Photographs and text by Leonard Flemming
In a fly fishing sense Africa is still very much a Dark Continent. Overpopulation, poor logistics across vast distances, and political unrest are a few of the reasons for the lack of numerous magical fisheries throughout its varied landscapes. I recently spent four months guiding Tourette Fishing clients for trophy tigerfish in the Tanzanian wilderness.
Here, in 2008, Keith Clover (one of Tourette Fishing’s directors) discovered an abundance of big tigerfish (Hydrocynus tanzaniae) that regularly go 20 lb plus and that’s part of what makes this destination African magic. What follows are snippets from my 2011 guiding diaries.
Rob Scott, my fellow guide and boss, an intelligent man with a piercing look, clears his throat, “Sheez Leonard, it’s a big fish, it’s 24 lbs…”; A trophy tigerfish cradled gently by the net lies in front of me. The Steve Farrar’s baitfish pattern has already fallen from its grip on the heavy jaw line. I reach out to touch my catch, but can’t. I notice for the first time the uncontrollable shake in my hands and then my entire body. I breathe in deep to calm myself. Rob conveys the importance of getting clients into 20 lb tigers, i.e., trophy size.
It is a jungle out here; trees are covered in carpets of creepers and vines with giant seed pods. Tassel pods, they call them. The water of the Mnyera and Ruhudji Rivers boils with fish species. In eight days since my arrival I have collected eight fish species, each one unique, for my scientific database.
A fly fishing reconnaissance starts down the rapids on the upper Mnyera River. Four of us, Rob Scott, Edward Truter (journalist and fishing junky), Saidi Kalimang’Asi (our navigator and Kiswahili interpreter) and I, are loaded on an eight-man raft packed to the brim with camera gear and enough food for four days while shooting through grade 4+ rapids, which cut through steep , rolling hills and rainforest where it’s questionable if any white man has treaded before.
The rafting expedition has barely started and I have already added three new fish species to my collection. Amongst these is an unidentified yellowfish, similar to the rhino fish found in Kenya, a mysterious hump-nosed animal that may grow in excess of 50 lb’s.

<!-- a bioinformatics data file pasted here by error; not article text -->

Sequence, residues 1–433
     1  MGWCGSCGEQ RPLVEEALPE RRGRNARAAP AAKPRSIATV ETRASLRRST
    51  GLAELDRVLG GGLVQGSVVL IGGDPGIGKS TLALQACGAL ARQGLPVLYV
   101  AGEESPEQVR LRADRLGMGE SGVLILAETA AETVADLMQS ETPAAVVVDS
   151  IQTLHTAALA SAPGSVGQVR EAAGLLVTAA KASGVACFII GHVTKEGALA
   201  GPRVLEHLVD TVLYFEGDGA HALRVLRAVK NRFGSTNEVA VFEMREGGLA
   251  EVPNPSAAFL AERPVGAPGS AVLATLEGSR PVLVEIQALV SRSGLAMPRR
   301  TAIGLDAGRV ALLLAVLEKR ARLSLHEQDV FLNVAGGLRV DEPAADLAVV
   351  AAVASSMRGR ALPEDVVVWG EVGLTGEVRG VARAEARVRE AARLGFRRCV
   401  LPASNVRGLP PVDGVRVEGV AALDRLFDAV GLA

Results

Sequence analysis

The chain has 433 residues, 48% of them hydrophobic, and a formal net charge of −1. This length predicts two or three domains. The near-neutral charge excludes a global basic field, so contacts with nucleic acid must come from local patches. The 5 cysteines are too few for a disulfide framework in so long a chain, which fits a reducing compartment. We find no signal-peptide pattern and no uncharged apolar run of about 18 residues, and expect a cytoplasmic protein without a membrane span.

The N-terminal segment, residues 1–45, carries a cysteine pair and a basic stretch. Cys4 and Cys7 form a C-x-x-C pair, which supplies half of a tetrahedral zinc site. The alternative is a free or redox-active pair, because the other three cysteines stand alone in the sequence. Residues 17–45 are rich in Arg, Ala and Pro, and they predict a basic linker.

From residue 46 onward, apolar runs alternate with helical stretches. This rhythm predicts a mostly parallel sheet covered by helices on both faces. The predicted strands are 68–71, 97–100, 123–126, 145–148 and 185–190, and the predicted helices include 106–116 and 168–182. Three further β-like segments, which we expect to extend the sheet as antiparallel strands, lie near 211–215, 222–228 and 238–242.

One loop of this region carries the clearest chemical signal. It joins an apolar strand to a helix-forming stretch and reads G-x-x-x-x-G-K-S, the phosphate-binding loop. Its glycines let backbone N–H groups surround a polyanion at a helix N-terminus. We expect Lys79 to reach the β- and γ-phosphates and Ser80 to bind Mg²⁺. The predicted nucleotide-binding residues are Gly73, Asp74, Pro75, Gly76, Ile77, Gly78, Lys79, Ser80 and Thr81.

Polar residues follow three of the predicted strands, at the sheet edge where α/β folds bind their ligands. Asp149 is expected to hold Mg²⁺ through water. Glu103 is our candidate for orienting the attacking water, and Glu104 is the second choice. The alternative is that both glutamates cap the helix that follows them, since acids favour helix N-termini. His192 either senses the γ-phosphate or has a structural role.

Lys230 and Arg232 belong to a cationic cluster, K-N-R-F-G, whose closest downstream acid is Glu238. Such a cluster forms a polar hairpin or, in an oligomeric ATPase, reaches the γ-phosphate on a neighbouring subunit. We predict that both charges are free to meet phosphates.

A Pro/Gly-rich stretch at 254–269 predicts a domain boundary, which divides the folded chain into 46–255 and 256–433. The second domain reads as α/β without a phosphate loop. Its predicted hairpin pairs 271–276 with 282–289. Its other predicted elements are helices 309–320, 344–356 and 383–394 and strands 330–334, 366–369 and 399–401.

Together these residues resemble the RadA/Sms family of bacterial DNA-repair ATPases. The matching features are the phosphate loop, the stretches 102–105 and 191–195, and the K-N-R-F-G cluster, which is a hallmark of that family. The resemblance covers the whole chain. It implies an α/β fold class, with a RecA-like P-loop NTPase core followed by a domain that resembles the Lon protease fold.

The guiding season has officially started. I stand nervously on the airstrip, a 900 m clearing in African miombo woodland, waiting to introduce myself to the first group of four clients that will arrive on a charter flight from Dar Es Salaam. We clear the strip of wild animals before Mike Riley arrives with his mates from South Africa. I learn that Mike enjoys this place so much he booked two slots for the season.
The break of dawn lights up the misted-over Ruhudji River, the morning sun casting a sheet of warm colours over the water. I am suffering from a gastrointestinal virus, with fever , cold shivers and stomach cramps testing my patience to the fullest. Mike’s group hasn’t landed a 20 lb fish yet and I am starting to feel the pressure. Two trophy tigers come out that day, including a 24 lb fish taken by Mike; the clients are satisfied, Rob and I are over the moon!
“Warm, glassy conditions; lots of big fish moving, lots of big fish lost” I entered in my notes for the day. As a guide it is not easy to convey the force required of the hook-set to penetrate the bony jaws of large tigerfish. Although the nights are still cold and the fishing slow, the water levels are dropping fast and the weather is improving every day. Tigerfish activity seems directly related to the weather; the hotter the sun burns down the harder they feed. Additionally, their feeding pattern may also be moon phase-dependant; full moon just never seems as productive as the dark moon phase. However, when these fish come on they ambush prey with such ferocity that the anticipation of the next take sends a cold shiver down one’s spine.